It’s time to remind ourselves of the commitments we made last Rosh Hashanah and finish what we started!
“Whoever has built a house… planted a vineyard… is engaged to be married… Let him go and return to his house, lest he die in the war, and another man… [will complete it].” (Devarim 20:5–7)
ASa nation, we’re used to celebrating beginnings. We’re enjoying the first course at a chasunah, accompanied by light music and conversation. Suddenly the band pumps up the music and the new couple is escorted into the hall: “Introducing for the very first time….” The volume is deafening, and the dancing starts with excitement.
At a bris, everyone stands around schmoozing until the mohel shouts: “Baruch Haba!” A hush immediately follows, as this eight-day-old baby is welcomed into the Jewish community.
And let’s not forget a bar mitzvah! This boy is finally an adult — counted as part of the community.
Each event celebrates the beginning of reaching a milestone (Rabbi Yaacov Haber, TorahLab).
I can count on one hand the number of times I’ve attended a pidyon haben. My mother’s a bas Kohein, which nixed any cousins’ pidyons, and my siblings and I all had girls first. So it was with tremendous hakaras hatov that we were zocheh to celebrate the pidyon haben of our grandson a few weeks ago.
It was a late summer Motzaei Shabbos affair, as the actual day had come out on Shabbos. I was rushing, pressured, trying to get everything ready in time.
Then the moment came, and we placed the baby on the grand silver tray, a family heirloom a friend had lent me.
There he lay in all his splendor, surrounded by the jewelry that had been handed over graciously by all the female guests.
This week’s Torah portion identifies a different milestone, that of completion, of accomplishing our goals. The Jewish People are setting up an army, selecting soldiers. But anyone who’s planted a vineyard, built a house, or become engaged is discharged from duty. Why? The common denominator among all these exceptions is that each has begun something, but hasn’t yet completed the task.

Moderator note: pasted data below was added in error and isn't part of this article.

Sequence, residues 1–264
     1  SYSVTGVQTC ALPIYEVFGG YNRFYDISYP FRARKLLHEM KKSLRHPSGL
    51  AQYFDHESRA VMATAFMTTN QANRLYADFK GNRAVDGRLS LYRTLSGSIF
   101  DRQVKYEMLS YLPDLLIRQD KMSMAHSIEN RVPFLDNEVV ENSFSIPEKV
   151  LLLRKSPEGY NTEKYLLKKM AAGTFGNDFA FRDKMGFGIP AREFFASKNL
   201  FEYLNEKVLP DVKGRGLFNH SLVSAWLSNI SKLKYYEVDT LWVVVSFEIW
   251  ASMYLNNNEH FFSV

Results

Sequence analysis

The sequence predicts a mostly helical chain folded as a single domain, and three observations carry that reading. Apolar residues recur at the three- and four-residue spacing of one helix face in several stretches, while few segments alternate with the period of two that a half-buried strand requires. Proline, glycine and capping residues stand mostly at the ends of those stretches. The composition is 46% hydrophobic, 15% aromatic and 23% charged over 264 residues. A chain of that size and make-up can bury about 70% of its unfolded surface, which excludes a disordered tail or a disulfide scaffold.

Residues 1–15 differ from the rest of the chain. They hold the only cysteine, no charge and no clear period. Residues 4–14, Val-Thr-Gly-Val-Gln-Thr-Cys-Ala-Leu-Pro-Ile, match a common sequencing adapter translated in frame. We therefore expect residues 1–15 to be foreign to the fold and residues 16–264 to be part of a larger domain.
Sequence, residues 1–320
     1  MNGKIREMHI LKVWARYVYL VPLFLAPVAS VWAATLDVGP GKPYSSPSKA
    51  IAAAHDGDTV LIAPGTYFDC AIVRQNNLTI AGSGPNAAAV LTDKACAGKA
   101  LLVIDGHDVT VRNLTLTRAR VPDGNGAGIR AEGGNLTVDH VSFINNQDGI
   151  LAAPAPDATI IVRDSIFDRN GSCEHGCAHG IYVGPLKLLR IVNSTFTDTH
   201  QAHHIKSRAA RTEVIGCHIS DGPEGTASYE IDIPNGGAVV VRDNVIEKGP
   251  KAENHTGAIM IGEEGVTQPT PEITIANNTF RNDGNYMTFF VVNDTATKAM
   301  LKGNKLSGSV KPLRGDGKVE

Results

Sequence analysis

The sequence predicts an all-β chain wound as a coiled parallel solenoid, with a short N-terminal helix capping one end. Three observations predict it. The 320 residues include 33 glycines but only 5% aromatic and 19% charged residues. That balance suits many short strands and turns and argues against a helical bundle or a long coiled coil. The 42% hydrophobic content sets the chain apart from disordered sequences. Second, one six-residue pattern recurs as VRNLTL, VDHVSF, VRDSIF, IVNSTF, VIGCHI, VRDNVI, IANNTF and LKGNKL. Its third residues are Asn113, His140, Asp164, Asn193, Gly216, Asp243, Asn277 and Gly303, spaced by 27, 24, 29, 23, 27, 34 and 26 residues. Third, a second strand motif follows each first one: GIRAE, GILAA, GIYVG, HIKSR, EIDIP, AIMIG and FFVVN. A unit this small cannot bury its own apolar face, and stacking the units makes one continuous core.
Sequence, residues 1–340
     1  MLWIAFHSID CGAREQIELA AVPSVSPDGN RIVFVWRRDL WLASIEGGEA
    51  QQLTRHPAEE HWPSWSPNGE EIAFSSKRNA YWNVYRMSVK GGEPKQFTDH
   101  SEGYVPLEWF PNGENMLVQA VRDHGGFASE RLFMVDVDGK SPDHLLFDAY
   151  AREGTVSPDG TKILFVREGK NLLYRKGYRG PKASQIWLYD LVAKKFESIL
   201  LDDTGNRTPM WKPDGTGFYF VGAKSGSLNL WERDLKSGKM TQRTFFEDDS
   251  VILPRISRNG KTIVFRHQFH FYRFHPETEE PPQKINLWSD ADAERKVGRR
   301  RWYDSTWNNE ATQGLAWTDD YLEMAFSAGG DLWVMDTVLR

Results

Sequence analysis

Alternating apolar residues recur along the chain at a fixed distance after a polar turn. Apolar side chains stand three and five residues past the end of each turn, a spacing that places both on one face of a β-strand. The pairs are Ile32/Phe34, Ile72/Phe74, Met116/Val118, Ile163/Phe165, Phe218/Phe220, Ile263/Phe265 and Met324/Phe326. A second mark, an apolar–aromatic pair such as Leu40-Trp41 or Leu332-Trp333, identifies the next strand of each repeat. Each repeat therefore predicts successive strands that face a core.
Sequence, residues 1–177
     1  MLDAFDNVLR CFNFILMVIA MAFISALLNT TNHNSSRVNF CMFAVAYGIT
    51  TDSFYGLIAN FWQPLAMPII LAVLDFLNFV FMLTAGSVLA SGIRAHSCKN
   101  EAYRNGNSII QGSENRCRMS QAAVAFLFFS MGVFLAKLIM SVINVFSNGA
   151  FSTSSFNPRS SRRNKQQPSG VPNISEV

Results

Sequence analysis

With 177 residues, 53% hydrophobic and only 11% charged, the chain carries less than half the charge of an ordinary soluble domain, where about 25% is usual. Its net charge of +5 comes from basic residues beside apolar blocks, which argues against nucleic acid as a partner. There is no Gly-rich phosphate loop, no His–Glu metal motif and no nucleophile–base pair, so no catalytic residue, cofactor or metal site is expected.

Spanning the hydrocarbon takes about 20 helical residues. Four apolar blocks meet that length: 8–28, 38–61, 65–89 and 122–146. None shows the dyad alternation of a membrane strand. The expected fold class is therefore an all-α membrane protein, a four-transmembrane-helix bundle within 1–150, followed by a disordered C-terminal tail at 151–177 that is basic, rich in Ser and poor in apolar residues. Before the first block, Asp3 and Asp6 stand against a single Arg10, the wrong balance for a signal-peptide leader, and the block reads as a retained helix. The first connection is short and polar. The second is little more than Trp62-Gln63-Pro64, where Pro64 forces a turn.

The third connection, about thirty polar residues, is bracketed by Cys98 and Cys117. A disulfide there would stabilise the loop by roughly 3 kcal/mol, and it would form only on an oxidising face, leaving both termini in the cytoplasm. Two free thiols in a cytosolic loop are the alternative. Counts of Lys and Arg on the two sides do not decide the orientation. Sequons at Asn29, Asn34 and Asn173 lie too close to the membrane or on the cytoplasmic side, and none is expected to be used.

Apparently, beginning, or even intending to see these beginnings through, is not good enough. The Torah is telling us that until we reach our individual goals, those grand beginnings remain meaningless. We may think that conquering Eretz Yisrael takes precedence over our personal vineyard or home. And when we consider the nation’s security, it may certainly seem more important than marriage. Yet the Torah instructs these men: Go home! Finish what you started. Experience shleimus — completion.
Watching my son-in-law hand over the coins, watching the Kohein bentsh the small baby, I experienced a feeling of transcendence. This mitzvah was linking me to all the other 613, those I can fulfill often and also those just as rare.
And then, all too soon, the ceremony was over, and it was time to continue the seudah.
We’ve all paved quite a few roads with good intentions. We start projects with the intention of finishing them, but the path to fruition is fraught with obstacles. Hashem gives us the miracle of inspiration at the beginning of an endeavor, but then it’s up to us to find the inspiration when that initial burst of motivation starts to fade.
The word “shalem” — completion brings about “shalom” — peace. Laying a foundation to a house is great, but a home, lit with Shabbos candles, is shalem, complete. It represents peace.
Meeting a newly engaged couple or dancing at their wedding is a beautiful thing. But it’s nothing compared to seeing a mature couple look at each other with love and cooperation.
The Torah commands us to resist getting involved with new, enticing, more important-looking projects. Instead, we must finish what we started. Become a shalem, and Hashem will grant us the ultimate blessing: shalom.
We’ve just begun Chodesh Elul. Elul is not only a preparation for the year to come, but it represents the finish line of the year gone by. It’s time to remind ourselves of the commitments we made last Rosh Hashanah and finish what we started!
I stood over the tray, wanting to prolong the moment. I looked at the baby, now slumbering peacefully. This grandson was zocheh to be named after my father z”l; he even resembled my father with his blond Yekkishe coloring.
I touched his tiny fist, resting on my father’s own watch, which I had placed on the tray. This is only the beginning, my tzaddikel, I whispered to him. You merited a huge zechus one month into life. May it accompany you always, and bring many more mitzvos to come.
(Originally featured in Family First, Issue 856)
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